Saturday, July 26, 2008

"Are Newspaper's Dying?"

Susan Estrich begins her excellent Yahoo! News essay titled "Are Newspapers Dying?" by saying her local paper no longer has a Sunday opinion section or a book page. The Journal Sentinel has already passed along the word to staffers that it may eliminate the jobs of editorial page cartoonist (actually, Stuart Carlson has accepted a buyout after being told his job was eliminated), book editor, TV columnist and movie critic, among others. Presumably, we'll get wire service reports for all the above. But that gets to the heart of Estrich's essay: who is going to create the content? (Not answered by the Journal Sentinel, by the way, is why we're going to want its online offerings, if not its print, once it quits offering great, unique content like Carlson cartoons or Joanne Weintraub essays on television; I guess we're supposed to turn to the JS for stories on suburban robberies or its 14,856th story on education this week). To oversimplify Estrich's point, people -- including college students -- still want to read. They just don't want to pay for it. She's right.

Along the same line, Eric Alterman opins on the same subject here.

At least, people are beginning to talk about the problem, not just wring their hands.

Friday, July 25, 2008

Newspapers and the cell phone

Is the future of newspapers inside the new breed of cell phones? Claire Cain Miller profiles Verve Wireless' efforts in the New York Times technology blog. Verve is betting on iPhone and its clones becoming a means of saving newspapers.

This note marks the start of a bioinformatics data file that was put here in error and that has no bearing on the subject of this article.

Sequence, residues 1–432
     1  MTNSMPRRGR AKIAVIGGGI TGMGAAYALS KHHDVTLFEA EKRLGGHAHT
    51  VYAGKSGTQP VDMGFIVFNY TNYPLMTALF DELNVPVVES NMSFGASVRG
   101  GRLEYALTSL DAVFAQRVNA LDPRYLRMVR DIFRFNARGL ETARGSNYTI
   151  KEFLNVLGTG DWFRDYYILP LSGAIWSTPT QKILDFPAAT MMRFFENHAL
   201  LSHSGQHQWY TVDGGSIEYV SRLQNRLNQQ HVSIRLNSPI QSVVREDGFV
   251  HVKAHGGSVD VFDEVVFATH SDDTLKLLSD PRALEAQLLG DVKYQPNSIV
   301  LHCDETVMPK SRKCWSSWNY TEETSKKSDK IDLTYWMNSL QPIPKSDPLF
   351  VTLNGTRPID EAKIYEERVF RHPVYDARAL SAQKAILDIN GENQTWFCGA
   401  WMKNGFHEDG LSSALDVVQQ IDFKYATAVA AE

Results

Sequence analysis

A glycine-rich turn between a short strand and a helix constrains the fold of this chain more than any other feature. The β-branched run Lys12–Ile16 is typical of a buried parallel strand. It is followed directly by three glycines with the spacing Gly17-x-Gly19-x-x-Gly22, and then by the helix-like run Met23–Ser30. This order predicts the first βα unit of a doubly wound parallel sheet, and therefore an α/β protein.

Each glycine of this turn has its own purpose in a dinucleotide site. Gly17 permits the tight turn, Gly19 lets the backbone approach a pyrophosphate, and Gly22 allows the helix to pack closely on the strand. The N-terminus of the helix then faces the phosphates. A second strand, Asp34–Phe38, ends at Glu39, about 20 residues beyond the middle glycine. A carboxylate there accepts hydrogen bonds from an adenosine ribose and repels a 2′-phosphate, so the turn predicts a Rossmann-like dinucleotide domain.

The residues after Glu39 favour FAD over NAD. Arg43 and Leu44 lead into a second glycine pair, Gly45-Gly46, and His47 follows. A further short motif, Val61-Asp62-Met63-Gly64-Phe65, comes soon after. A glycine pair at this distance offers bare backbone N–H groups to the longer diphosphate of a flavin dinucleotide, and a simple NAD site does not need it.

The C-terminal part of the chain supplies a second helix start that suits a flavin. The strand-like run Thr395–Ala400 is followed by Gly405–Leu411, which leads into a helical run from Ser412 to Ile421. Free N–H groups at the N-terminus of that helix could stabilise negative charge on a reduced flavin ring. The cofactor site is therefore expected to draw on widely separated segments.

Catching up a bit, an earlier post at 10,000 Words blog offers one take on how the iPhone may affect journalism.

The backpack journalist may be our future. 

Meanwhile, the Milwaukee Journal Sentinel announced today that you can view its news on your cell phone at http://jsonline.mob.

For sure, there will be lots more on this issue as we continue to grapple with delivery methods for the news journalists create.

Are blogs journalism?

Yes, the question itself is deceptive since some blogs are journalistic and others aren't. For an example of the former (and a great discussion today of "citizen journalism"), see Jay Rosen's blog, PressThink.  He offers both his own and others' definitions and links to several thoughtful discussions of citizen journalism. I believe in Kovach and Rosensteil's definition of journalism of verification (from Elements of Journalism), and this post certainly fills that bill.

Tuesday, July 22, 2008

More on the Project for Excellence report

This comes from London's Guardian, one of my favorite news sites. It's interesting not only for its take on the Project for Excellence report on American newspapers, but also for the fact that one of the best interpretations I've read about this report is on a British website. To me, that speaks volumes about what's happening in the media today.

Monday, July 21, 2008

Major study of newspaper discontent